Recently, during a multipart Manhattan all-day excursion, two people, neither of whom know each other, remarked that my outfit looked like something airline-related. The first, a friend's boyfriend, waving his finger up and down the way I usually associate with gay friends, said I looked like I'd just stepped off a Boeing. "It's a VERY good thing!" he said. Later, a lesbian friend said, with exuberant approval, something about a flight attendant.
I was on cloud 9, given that that's the look I was going for. Retro stewardess meets 1970s real estate agent meets Mary Marlo Thomas Moore. Upward! Ahoy!
E and I are at Barney Greengrass, giddy as we wait for her everything bagel with lox and cream cheese and my everything bagel and kasha knish. The place is brimming with smiling, gabbing (dare I say kibitzing?) people, most of whom look like locals. How is it that this is the first time for two Jewish ladies of a so-called certain age, one of whom has lived in NYC for one-third of her life and the other her entire life? When my knish arrives sliced open with brown mustard on the side, I know a new "regular" is born.
Sometimes my cursor hovers over Scott's name on my Google chat list and his photo and name pop up. I won't remove him from the list even though he left this world 5-1/2 months ago. I like to imagine that if I typed a message to him, it would reach him wherever he is and he'd be able to respond. I want to think of him as being in the cloud, and not in some pathetic "angel" kind of way with a white robe, wings, gates, and fluffiness. I want him to write back, even if with a simple "lol".
Because I know you jotted notes while perusing last month's "batch", in a dedicated notebook or on Post-Its framing your computer monitor, I will allow you to finally discard those notes and exhale by telling you that I used the jar of aji amarillo from Kalustyan's in scrambled tofu, to quite good effect, although I'm not sure I would go out of my way for more unless, of course, I also wanted halvah from the same store. However, Barney Greengrass, referenced earlier in this "batch", also offers halvah, so I have a lot of heavy thinking and planning to do.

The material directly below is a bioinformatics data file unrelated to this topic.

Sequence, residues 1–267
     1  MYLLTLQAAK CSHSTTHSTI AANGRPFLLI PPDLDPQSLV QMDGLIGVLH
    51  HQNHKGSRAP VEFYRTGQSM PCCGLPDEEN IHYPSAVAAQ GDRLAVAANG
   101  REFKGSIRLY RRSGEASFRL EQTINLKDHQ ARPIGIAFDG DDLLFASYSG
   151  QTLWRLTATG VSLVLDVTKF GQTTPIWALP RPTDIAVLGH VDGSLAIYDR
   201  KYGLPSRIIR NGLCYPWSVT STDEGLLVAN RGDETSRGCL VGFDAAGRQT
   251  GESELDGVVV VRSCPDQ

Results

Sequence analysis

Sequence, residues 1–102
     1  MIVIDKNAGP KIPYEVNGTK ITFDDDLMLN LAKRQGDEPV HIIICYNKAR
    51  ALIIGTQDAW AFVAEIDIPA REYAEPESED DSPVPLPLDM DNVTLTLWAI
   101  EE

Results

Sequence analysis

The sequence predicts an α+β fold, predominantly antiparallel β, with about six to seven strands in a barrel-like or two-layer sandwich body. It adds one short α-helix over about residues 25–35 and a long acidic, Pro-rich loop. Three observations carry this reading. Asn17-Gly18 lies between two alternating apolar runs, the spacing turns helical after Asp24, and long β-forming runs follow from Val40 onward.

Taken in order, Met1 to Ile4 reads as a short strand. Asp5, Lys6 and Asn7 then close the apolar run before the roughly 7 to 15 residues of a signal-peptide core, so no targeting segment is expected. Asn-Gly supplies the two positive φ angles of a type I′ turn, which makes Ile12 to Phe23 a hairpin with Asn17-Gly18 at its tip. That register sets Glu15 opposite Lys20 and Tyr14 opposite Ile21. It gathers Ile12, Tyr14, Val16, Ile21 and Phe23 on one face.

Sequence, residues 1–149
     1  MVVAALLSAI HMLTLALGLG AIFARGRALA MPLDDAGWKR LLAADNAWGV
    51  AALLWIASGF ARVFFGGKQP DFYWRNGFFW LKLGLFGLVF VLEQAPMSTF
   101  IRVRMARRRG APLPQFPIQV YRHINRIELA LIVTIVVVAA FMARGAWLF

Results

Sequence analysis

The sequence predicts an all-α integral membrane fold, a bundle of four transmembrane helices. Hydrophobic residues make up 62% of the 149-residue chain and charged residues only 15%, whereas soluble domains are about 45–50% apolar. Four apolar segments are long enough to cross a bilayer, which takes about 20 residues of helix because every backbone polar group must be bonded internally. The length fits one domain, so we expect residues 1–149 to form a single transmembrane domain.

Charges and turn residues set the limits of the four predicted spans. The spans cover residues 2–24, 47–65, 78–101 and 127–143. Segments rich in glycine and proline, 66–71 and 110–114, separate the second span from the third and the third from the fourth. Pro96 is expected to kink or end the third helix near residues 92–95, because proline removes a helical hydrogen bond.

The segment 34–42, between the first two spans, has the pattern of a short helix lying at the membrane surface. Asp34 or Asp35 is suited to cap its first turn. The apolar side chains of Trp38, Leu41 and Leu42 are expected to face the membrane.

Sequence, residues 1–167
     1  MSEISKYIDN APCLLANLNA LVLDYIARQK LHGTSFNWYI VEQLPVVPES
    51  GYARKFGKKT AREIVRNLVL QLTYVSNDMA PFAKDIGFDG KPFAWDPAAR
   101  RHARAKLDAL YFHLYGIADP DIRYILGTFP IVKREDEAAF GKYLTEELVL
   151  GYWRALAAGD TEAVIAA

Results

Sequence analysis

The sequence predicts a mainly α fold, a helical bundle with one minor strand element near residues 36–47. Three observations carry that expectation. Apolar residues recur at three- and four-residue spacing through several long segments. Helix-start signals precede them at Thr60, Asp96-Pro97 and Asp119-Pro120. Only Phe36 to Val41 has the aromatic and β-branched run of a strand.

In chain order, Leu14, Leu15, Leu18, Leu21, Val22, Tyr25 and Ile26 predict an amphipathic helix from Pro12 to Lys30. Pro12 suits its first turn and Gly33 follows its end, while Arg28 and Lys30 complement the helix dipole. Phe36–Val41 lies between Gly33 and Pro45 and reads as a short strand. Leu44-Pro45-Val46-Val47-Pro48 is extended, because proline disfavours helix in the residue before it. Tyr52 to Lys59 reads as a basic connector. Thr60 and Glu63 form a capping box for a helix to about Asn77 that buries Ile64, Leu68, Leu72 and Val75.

If I can stop one person from wasting his or her time watching the 2015 crap-fest called "Mistress America", I'll feel my life hasn't been in vain. Don't think, as I did, "Well, Lola Kirke annoys me on 'Mozart in the Jungle', so let me see if she annoys me in something else," and then find yourself watching this tripe. She's the best thing (aside from two gray and white cats) in this garbage from Noah Baumbach. It's certainly not Greta Gerwig, quite possibly one of the worst so-called actors I've ever witnessed in my life. ("Frances Ha" was shit.)
I wait in the rain under my bubble umbrella. K grins broadly as she approaches, exclaims over how cute she thinks I look, and we scurry to several vintage shops in the East Village and Alphabet City. We co-swoon over a shirt with a horse pattern (alas, it's a skosh too small). The food at Ahimsa East is scrumptious , and she gives me a big piece of her dosa. We dash to the nifty venue for The classical music concert and settle into pillows she'd been toting for our comfort. Alas, it's a shame I'm not a lesbian too.
My earth-shattering decision to combine my trip to McNulty's for coffee beans with a "food event" has me walking down Hudson, a walk that, although Google Maps told me was a mile, takes longer than I'd anticipated. But who cares. This is a part of the city I haven't done to death. It's an adventure! I'm humming the "That Girl" theme song, which coordinates with my outfit/ensemble, and my destination is Square Diner, which has been around for about 100 years. As long as places like this exist, they get my business in exchange for the soothing of my soul.
You know how when someone considered a less attractive or "desirable" version of someone famous is called "the poor man's [famous person's name]"? I'm going to start calling more attractive/desirable versions of not-that-attractive celebrities "the rich man's [not attractive celebrity}." Say I meet a gorgeous fella with a full head of ginger hair, well-groomed beard, and abs for days. I'll dub him "the rich man's Louis C.K"? And I can call the beautiful creator of an show about annoying-as-fuck millennials, who doesn't make me want to punch her in the chinless face "the rich man's Lena Dunham". I'm on it!
This morning my cat witnessed me saying, "Meanwhile, back at the ranch" several times, the first in an attempt to wrangle my thoughts back to some semblance of linear normalcy that my head could deal with instead of threatening to implode from the burden of the ricocheting rat-a-tat ridiculousness of the pre-gym quasi-mania, and the subsequent times in smirking acknowledgment of the goofiness of the phrase that makes me sound like someone's cardigan-sportin' dad who knows best circa 1950-whatever. She assured me she's okay with it, but I'm suspicious of her agreeability and wonder what she's got up her paw-sleeve.